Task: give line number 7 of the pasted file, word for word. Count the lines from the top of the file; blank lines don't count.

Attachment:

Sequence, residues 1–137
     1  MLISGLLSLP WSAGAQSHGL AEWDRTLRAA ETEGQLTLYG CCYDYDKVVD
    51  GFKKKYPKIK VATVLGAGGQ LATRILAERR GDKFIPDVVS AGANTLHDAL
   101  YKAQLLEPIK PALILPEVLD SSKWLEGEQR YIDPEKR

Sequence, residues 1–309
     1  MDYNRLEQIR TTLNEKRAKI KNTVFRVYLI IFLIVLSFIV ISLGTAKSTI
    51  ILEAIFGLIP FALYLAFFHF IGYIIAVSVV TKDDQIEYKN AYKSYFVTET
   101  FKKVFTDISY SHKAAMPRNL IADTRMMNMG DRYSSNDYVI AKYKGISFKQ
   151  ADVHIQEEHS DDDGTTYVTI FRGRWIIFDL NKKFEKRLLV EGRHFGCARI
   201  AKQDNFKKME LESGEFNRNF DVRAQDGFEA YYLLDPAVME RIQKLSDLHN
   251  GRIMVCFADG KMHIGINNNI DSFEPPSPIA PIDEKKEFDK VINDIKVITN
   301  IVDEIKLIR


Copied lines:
    51  ILEAIFGLIP FALYLAFFHF IGYIIAVSVV TKDDQIEYKN AYKSYFVTET